Allie Finkle's Rules for Girls: Glitter Girls and the Great Fake Out

Allie Finkle's Rules for Girls: Glitter Girls and the Great Fake Out by Meg Cabot

Book: Allie Finkle's Rules for Girls: Glitter Girls and the Great Fake Out by Meg Cabot Read Free Book Online
Authors: Meg Cabot
    It’s Important to Try Not to Hurt Someone’s Feelings If You Can Help It
    “Is that the one you’re going to wear?” I stared at the redspangled bodysuit Erica’s older sister, Missy, had on.
    I could hardly believe how beautiful she looked in it. Usually when I saw Missy, she had on sweatpants.
    Sweatpants and a really mean expression as she was slamming her bedroom door in my face.
    It wouldn’t be an exaggeration to say that Missy hated my guts.
    But then Missy hated the guts of all of Erica’s friends, so I didn’t take it personally. Missy hated Erica, too, even though Erica refused to believe it and was always trying to do nice things for her big sister.
    Like right now, for instance, Erica had enlisted our help in getting Missy to decide which of her six fanciest baton-twirling costumes she should wear for the seventh annual Little Miss Majorette Baton Twirling Twirltacular, middle school division.
    “I think you should wear the blue one,” Rosemary said.
    “The blue one doesn’t have as much glitter,” Sophie said, from Missy’s bed, where we were sitting all in a row while Missy was putting on her fashion show for us. “Only sparkly fringe.”
    This was the first time we’d ever been invited into Missy’s bedroom after school, so it was truly a huge occasion, and we were trying very hard not to break the rules Missy had explained to us before she’d allowed us to come in.
    The rules were: 1. Do not touch anything, 2. No talking unless Missy says you can talk, and 3. Leave the minute Missy says so.
    Break the rules, and Missy will break you.
    “I know,” Rosemary said. “That’s why I like the blue one.”
    “The red one is definitely sparklier,” Caroline said. “Although ‘sparklier’ isn’t a word.”
    Caroline would know. She was our class spelling champion, even though she lost the district spelling bee.
    “I just can’t decide,” Missy said with a sigh as she fluffed out her blond hair and stared at herself in her full-length mirror. “I do look amazing in all of them, don’t I?”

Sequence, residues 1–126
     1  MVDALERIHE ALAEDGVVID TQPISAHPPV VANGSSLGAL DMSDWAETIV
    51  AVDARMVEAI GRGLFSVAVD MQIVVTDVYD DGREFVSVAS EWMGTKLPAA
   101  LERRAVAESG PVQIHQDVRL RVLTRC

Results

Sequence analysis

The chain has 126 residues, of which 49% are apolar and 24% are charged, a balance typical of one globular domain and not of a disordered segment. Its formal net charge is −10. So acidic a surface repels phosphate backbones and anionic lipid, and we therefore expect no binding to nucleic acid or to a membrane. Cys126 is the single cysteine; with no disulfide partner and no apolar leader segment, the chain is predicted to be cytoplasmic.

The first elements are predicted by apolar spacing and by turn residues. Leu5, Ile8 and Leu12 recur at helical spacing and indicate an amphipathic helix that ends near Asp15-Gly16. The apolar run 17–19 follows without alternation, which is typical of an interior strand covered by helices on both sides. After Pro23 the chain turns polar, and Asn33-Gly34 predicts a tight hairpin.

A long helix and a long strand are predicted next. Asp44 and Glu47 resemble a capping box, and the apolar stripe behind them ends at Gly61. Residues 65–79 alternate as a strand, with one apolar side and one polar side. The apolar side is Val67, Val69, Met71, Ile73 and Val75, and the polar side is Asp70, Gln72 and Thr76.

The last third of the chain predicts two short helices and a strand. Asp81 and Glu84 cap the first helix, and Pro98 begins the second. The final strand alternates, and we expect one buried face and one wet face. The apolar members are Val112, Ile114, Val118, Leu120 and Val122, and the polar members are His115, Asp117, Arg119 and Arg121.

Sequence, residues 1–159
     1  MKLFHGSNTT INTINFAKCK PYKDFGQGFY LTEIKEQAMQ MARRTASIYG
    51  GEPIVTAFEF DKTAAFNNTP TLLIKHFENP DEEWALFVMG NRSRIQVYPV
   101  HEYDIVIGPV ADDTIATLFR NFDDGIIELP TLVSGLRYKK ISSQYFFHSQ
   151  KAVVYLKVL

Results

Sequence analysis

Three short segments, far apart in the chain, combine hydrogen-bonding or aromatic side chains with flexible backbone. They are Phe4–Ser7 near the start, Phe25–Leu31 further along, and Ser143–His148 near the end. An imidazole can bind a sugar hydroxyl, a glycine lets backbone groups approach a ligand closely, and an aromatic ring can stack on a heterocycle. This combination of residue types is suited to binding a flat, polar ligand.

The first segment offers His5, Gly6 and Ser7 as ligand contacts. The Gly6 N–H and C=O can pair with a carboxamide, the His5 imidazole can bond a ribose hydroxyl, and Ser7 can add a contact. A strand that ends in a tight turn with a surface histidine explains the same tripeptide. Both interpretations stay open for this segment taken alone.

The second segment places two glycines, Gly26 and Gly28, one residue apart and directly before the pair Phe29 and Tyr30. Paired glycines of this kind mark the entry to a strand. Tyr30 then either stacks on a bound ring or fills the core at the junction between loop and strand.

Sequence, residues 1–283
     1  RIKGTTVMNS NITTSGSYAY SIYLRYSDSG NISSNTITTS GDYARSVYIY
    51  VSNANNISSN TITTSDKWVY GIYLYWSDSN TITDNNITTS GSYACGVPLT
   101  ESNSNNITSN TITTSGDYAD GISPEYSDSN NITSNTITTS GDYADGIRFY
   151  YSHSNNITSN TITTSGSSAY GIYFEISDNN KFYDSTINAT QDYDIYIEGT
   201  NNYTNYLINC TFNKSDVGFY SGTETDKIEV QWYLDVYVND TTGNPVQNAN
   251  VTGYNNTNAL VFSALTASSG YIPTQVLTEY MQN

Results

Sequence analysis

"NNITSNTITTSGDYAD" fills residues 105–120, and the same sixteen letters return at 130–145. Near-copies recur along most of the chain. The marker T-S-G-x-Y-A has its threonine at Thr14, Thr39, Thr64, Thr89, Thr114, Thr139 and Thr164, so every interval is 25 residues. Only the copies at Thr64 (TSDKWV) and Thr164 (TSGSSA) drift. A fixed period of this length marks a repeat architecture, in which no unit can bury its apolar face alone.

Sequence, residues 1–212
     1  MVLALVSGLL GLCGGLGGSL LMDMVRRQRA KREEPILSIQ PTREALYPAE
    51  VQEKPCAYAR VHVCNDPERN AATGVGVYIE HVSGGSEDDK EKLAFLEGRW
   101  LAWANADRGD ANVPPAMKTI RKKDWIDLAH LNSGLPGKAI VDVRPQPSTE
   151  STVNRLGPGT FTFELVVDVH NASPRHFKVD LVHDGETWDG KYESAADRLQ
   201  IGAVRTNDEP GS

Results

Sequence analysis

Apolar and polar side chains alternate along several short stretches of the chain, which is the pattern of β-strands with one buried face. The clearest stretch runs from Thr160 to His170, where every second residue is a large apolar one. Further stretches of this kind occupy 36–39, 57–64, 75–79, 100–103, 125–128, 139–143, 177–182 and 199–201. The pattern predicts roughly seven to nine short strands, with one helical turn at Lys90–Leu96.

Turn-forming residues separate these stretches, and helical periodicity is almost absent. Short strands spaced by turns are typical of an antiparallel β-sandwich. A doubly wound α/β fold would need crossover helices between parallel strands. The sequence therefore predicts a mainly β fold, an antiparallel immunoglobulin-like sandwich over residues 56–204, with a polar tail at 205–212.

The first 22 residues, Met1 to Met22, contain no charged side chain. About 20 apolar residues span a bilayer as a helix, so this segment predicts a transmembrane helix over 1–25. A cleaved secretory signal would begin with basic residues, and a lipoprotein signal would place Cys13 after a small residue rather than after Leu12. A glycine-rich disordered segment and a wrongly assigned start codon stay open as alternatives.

“Yes,” we all said in unison.
    Always agree with everything Missy says if you want her to stay in a good mood. This was another rule.
    Being friends with Erica was very good training in how to deal with teenagers. Also how not to act when I become one. Because Missy was really moody. Also rude. At least most of the time. She was being nice to us today, though, because she wanted our help deciding what to wear to the Little Miss Majorette Baton Twirling Twirltacular.
    I won’t lie: I wanted to go to the Little Miss Majorette Baton Twirling Twirltacular more than I had ever wanted to go anywhere in my whole entire life. At least, ever since I’d heard about it (a half hour earlier).
    Because Missy and Erica and Mrs. Harrington (who had hand-sewn all of Missy’s costumes for her) had told us about it while we were eating after-school snacks of fruit and graham crackers in the kitchen of their house.
    And it sounded like the most exciting thing in the world.
    First of all, twirlers (that’s what the people who spin and toss batons are called. Twirlers. Also majorettes, but “twirler” is more correct because a twirler can be a boy or a girl, whereas majorettes are only girls) come from all over the state — possibly even from outside the state — to participate in the Twirltacular, which lasts a whole weekend.
    At the Twirltacular, there are events in dance, strut, teams, showtwirls, solos, multiple batons, flags, hoops, and duets/pairs.
    I didn’t exactly know what any of that means, but I totally wanted to see it. In fact, the more I heard about it from Erica and Mrs. Harrington and Missy, the more I thought I would die if I didn’t get to see it.
    And I was really lucky because the Little Miss Majorette Baton Twirling Twirltacular was happening right here in my very own town.
    Missy said if we didn’t act like ingrates, which means ungrateful people, we could come watch her

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